Industry Issue 09

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New Mexico is known for its many industries; those include the arts, and arts include literature and the writing of books. There was an article in the last issue, September, about the 2002 Southwest Writers Conference in Albuquerque — a conference for accomplished and aspiring writers of books, plays, articles and poetry.

On the Lifestyle Page of this issue is the Preface from the book, THE ROCK HOUSE RANCH, by local author Barbara Corn Patterson.

This issue’s Industry page features additional authors along with the art, trials and tribulations of writing and getting published.



Don Bullis of Rio Rancho is, among other things, a writer. He wrote NEW MEXICO’S FINEST: PEACE OFFICERS KILLED IN THE LINE OF DUTY, published by the New Mexico Department of Public Safety in 1990. It details the circumstances surrounding the on-duty deaths of 160 New Mexico peace officers. It’s third edition was published in 1999. He published THE OLD WEST TRIVIA BOOK, which details many unknown facts about the American West, in 1993, with a second printing in 1998. He writes a weekly newspaper column on history of New Mexico and the southwest. He recently published a novel, BLOODVILLE, that reveals inside machinations of the case and investigations of the still unsolved 1960s murder of Bud Rice.

Following is a review — written by William Kuehl, a former State Police captain, retired municipal police administrator and director of state and international law enforcement agencies including (currently) the International Law Enforcement Academy at Roswell — of Bullis’ latest book.

“What Don Bullis has done with this novel is intertwine a very accurate weave of murder, police and politics in New Mexico. Don is the single most knowledgeable writer on New Mexico law enforcement history, practices and personalities. He should be — he’s worked for many years in New Mexico state and local policing. BLOODVILLE has the steel on steel ring of unflinching truth told in style and setting which makes this book difficult to lay aside for silliness such as meals and work. Outstandingly entertaining, thoroughly accurate and sobering as well — I recommend BLOODVILLE to folks both inside and outside policing.”

Don Bullis retired in 2002 after a career in New Mexico law enforcement that included county sheriff’s deputy, detective sergeant, town marshal, state organized crime commissioner, and criminal intelligence operational supervisor. He was a small-town newspaper editor before he entered law enforcement. To order a copy of his book — $14.95 plus shipping and handling — send an Email to Website for Don Bullis is:

Don Bullis will be in Roswell signing copies of his book, BLOODVILLE, at Hastings on Saturday, November 23 between 3 p.m. and 6 p.m.





Following is a book review by Don Bullis, which first appeared in the Rio Rancho Observer.

CAPTAIN JOSEPH C. LEA: From Confederate Guerrilla to New Mexico Patriarch
, by local author, Elvis E. Fleming. Yucca Tree Press, publisher. Bullis’ review was written in cooperation with the Historical Society for Southeast New Mexico.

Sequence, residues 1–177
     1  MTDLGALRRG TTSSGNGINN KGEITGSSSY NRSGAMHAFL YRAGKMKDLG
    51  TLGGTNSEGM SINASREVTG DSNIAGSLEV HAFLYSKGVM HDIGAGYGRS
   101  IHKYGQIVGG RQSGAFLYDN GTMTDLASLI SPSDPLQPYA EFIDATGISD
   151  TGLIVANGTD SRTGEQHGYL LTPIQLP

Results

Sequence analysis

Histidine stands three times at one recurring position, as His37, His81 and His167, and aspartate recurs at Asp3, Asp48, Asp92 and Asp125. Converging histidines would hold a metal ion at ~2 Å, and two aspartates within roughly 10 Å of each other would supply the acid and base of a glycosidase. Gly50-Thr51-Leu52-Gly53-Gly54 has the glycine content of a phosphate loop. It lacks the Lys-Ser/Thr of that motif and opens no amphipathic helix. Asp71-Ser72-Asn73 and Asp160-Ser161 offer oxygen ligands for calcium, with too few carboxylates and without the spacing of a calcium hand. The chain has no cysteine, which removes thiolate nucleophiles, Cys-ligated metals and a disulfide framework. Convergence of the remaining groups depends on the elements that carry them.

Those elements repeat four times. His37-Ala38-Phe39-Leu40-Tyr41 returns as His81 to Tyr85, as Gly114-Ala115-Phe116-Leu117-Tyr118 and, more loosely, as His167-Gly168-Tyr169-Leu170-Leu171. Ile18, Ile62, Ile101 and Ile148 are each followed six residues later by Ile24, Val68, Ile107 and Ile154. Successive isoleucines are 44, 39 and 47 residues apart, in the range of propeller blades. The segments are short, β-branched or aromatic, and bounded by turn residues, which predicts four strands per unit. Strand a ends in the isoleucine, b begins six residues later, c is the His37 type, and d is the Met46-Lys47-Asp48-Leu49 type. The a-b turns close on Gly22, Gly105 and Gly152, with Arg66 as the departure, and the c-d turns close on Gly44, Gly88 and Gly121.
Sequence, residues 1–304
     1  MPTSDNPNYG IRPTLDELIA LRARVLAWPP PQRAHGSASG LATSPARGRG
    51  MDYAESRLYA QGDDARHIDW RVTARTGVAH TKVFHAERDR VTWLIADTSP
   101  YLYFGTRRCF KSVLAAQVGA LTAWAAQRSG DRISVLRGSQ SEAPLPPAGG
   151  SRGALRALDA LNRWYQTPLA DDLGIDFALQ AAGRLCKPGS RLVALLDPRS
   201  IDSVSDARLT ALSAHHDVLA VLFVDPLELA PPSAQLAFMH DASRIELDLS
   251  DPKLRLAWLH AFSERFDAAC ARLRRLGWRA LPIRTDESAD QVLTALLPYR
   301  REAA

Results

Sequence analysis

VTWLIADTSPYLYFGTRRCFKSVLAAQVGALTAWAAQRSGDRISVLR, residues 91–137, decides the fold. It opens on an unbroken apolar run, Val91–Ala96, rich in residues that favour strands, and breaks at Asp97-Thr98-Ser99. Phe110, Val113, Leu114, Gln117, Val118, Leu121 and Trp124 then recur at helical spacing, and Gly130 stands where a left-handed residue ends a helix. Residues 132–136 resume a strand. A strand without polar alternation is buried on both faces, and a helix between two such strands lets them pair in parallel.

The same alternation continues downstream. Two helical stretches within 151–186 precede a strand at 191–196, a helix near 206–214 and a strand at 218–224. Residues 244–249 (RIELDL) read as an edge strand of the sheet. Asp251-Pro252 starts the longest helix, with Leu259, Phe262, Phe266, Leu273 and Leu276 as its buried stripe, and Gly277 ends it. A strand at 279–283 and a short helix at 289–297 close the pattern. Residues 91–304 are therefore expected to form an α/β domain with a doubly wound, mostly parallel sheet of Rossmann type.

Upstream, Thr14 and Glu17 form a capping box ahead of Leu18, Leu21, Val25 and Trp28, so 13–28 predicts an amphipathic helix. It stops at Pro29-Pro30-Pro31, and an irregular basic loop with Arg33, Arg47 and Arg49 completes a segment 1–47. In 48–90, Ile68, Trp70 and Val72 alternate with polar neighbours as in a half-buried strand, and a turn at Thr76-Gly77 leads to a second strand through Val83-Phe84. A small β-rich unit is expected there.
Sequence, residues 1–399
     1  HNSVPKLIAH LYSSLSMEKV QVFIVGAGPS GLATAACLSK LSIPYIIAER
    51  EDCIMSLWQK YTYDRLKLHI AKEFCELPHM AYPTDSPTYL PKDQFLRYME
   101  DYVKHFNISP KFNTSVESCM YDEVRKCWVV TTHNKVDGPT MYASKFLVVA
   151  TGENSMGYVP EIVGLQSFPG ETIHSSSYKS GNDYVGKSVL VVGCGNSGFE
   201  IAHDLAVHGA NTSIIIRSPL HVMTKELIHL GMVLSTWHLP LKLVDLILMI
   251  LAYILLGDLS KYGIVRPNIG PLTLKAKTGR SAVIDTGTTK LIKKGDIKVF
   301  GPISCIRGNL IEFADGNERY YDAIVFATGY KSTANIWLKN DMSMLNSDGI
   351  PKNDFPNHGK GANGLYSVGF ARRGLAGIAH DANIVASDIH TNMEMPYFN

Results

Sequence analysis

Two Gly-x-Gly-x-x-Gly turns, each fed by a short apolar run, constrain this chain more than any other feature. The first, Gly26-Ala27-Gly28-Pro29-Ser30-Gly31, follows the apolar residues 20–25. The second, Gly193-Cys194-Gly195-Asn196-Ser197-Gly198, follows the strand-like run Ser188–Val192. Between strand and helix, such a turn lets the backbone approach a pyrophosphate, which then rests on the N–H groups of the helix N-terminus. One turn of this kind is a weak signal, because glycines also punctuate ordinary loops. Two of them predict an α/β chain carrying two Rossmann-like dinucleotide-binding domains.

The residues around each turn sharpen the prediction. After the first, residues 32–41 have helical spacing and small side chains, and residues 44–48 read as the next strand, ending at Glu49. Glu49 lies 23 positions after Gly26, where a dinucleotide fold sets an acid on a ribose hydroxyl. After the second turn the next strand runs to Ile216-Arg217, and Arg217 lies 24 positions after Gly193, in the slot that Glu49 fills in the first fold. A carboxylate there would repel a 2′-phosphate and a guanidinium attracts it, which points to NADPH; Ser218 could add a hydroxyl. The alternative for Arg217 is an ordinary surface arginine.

Joseph Callaway Lea — known throughout most of his adult life as Captain J.C. Lea — was one of the most significant men involved in the economic and agricultural development of southeastern New Mexico in general, and the city of Roswell in particular. When Lea arrived at Roswell in the late 1870s, the town amounted to a small cluster of adobe buildings. When he died in 1904, it was a city of several thousand. Captain Lea was mayor.

J.C. Lea was born to Dr. Pleasant John Graves Lea and Nancy Callaway Lea in Tennessee in 1841. The family moved west to Missouri in 1849. J.C. was therefore in the right place at the right age to participate in the Civil War. Yankees — it is uncertain whom exactly — killed Dr. Lea in 1862. It is not clear whether he was killed because his sons, J.C. and Frank, rode with the Confederate guerrilla band led by William Clarke Quantrill or if the Lea boys joined Quantrill because the Yankees had killed their father. There is little doubt, however, that J.C. and Frank did ride with Quantrill, at least for a while. J.C. probably participated in the famed raid on Lawrence, Kansas in August 1863.

When the war ended, Capt. Lea “…took off his side arms, and was never again known to wear a gun.” He was not loath, however, to threaten the use of a firearm.

Not long after Lea arrived in Roswell, a crew of cowboys rode up to his store and commenced to hooraw the place, firing pistols into the air and riding horses onto the store’s porch. Lea stepped out to face his tormentors with a rifle in his hands. He ordered them to stop, and said they were welcome as long as they behaved themselves. If not, they were to leave and not return. Two additional rifles protruded from the store’s windows. The cowboys chose discretion as the better part of valor and left. The offensive behavior was not repeated.

Captain Lea came to be called the “Father of Roswell,” but that was only one of his many accomplishments. He developed the Lea Cattle Co. into the largest ranch operation in New Mexico by 1890. (John Chisum died in 1884 and his huge ranch, which had been headquartered near Roswell, fell apart thereafter.) Lea participated in the development of a system of irrigation canals in and around Roswell. He worked tirelessly for the development of the Goss Military Institute, which later became the New Mexico Military Institute (NMMI). He worked hard to bring the railroad to Roswell, and he was a leader in the efforts that created Chaves and Eddy counties. he died at the relatively young age of 63. His funeral was the largest in the history of Roswell.